02 Jul Do Cannabis Users Also Use Synthetic Marijuana?
Synthetic marijuana is the widely used term for a substance that contains both plant material and any one of a number of artificial compounds designed to mimic the effects of marijuana/cannabis. Federal law bans the sale and possession of the best-known compounds used in the production of this artificial drug. In a study published in May 2014 in the journal Substance Abuse, a team of U.S. researchers investigated how common use of synthetic marijuana is among people who already use cannabis/marijuana. In addition, these researchers investigated the reasons cannabis/marijuana smokers also use a synthetic form of the drug.
Synthetic marijuana contains active ingredients called synthetic cannabinoids, which access the brain through the same chemical pathways used by THC and other active ingredients found in all forms of cannabis. Synthetic marijuana manufacturers spray these artificial cannabinoids, which typically have obscure laboratory names, on herbs or other plant matter and sell the resulting mixtures in intentionally misleading packaging that does not mention the products’ mind-altering effects. Previously identified names for synthetic marijuana products include K2, Spice and Skunk.
Some forms of synthetic marijuana have a drug effect roughly equivalent to that of THC; however, other forms of the drug produce a much more powerful effect. In addition, any particular synthetic marijuana product may contain additional ingredients or impurities that have a damaging impact on human health. Researchers have identified close to 200 active ingredients in various batches of synthetic cannabinoids. A federal law called the Synthetic Drug Abuse Prevention Act bans dozens of these compounds, and the vast majority of U.S. states also have laws on their books that ban certain synthetic cannabinoids. However, manufacturers of these drugs commonly attempt to evade the law by inventing chemically novel active ingredients not mentioned in current statutes.
Synthetic marijuana appeared in the U.S. in 2008. However, since this relatively recent introduction, use of the drug has grown substantially. For example, the National Institute on Drug Abuse and the University of Michigan track the year-to-year popularity of synthetic marijuana among teenagers through an ongoing project called Monitoring the Future. The most recent information from this project indicates that, of all illicit or illegal substances, the drug ranks second in popularity only to marijuana among younger and older high school students. In addition, synthetic marijuana is the third-most popular illicit or illegal substance among eighth graders.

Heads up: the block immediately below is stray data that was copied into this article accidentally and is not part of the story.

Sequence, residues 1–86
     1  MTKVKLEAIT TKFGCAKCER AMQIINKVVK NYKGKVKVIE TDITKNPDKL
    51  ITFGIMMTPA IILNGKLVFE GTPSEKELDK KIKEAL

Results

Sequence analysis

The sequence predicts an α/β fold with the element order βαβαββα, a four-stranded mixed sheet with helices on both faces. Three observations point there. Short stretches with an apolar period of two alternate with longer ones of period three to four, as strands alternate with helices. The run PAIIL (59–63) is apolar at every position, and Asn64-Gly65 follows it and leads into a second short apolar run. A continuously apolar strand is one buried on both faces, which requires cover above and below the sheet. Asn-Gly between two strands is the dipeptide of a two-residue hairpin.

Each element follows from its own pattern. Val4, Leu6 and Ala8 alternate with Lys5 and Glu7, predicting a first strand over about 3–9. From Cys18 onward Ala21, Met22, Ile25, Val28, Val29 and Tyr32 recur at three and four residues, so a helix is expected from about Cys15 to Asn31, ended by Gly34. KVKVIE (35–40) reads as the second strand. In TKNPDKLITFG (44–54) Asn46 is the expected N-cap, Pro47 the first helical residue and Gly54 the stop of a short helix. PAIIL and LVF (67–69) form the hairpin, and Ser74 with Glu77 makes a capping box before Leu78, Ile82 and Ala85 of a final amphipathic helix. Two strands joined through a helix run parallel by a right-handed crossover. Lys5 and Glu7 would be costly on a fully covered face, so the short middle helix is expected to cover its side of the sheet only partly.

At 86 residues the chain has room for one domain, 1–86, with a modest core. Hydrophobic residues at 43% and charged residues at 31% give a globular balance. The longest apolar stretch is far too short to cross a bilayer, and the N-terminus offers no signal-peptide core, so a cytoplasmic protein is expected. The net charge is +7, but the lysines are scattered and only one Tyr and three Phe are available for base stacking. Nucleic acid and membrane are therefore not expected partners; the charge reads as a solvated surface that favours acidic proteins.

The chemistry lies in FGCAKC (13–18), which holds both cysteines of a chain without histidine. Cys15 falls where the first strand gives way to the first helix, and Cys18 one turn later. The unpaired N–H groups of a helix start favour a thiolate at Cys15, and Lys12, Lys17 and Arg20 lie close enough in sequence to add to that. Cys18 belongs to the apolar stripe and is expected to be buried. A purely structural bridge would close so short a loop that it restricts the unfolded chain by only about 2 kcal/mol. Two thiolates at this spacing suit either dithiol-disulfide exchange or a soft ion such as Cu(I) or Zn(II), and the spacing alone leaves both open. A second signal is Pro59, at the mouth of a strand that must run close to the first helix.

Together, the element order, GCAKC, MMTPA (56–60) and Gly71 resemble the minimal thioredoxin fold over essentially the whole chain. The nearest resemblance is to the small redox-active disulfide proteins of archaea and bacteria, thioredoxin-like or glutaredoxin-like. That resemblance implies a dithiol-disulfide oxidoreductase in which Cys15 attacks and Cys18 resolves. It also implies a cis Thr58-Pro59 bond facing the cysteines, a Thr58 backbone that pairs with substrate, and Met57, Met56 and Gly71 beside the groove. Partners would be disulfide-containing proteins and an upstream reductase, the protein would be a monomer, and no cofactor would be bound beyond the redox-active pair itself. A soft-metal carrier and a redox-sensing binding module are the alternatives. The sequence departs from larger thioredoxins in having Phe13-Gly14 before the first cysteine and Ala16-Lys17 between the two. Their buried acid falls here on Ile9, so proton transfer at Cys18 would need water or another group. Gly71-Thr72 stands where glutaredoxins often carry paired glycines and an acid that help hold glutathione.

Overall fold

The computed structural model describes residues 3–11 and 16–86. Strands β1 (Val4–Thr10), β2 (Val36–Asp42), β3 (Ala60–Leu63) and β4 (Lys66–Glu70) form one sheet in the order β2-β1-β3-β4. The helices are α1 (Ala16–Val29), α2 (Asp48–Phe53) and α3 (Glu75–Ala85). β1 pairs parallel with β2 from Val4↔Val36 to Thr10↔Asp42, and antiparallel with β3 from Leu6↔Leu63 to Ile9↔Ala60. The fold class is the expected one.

How Many Cannabis/Marijuana Users?
In the study published in Substance Abuse, researchers from Columbia University, the University of Virginia and two other institutions used a small-scale project to estimate the number of cannabis/marijuana users who also use synthetic marijuana and determine the motivations for synthetic drug intake in these individuals. All told, 42 adults took part in the study; all of these participants used phone interviews to submit information on their typical patterns of cannabis use, synthetic marijuana use and cigarette use, as well as information on their reasons for synthetic marijuana use.
Almost all of the study participants used both cannabis/marijuana and cigarettes, and 86 percent of the participants used cannabis/marijuana at least five days a week. The vast majority of study enrollees knew about synthetic marijuana, and 50 percent described themselves as past users of the drug. In addition, 24 percent of the enrollees described themselves as current synthetic marijuana users. Typical reasons expressed for involvement in synthetic marijuana use included a desire to evade the detection of drug use when taking a urine test and an interest in having a different, but not completely unfamiliar drug experience. Many of the study participants continued their intake of synthetic marijuana after learning of the passage of federal law that prohibits this practice.
The researchers also asked the participants to describe the side effects they experienced while using synthetic marijuana. Common examples of these side effects included an unusually anxious state of mind, a decline in mental clarity, a decline in saliva levels and headaches. The researchers concluded that the current and past synthetic marijuana users did not have any demographic characteristics (age, gender, racial/ethnic background, etc.) that differed substantially from the study participants who did not have a past or current history of using the drug. In addition, they could find no other group traits that consistently differentiated the cannabis/marijuana users who also used synthetic marijuana from the cannabis/marijuana users with no history of synthetic marijuana intake.
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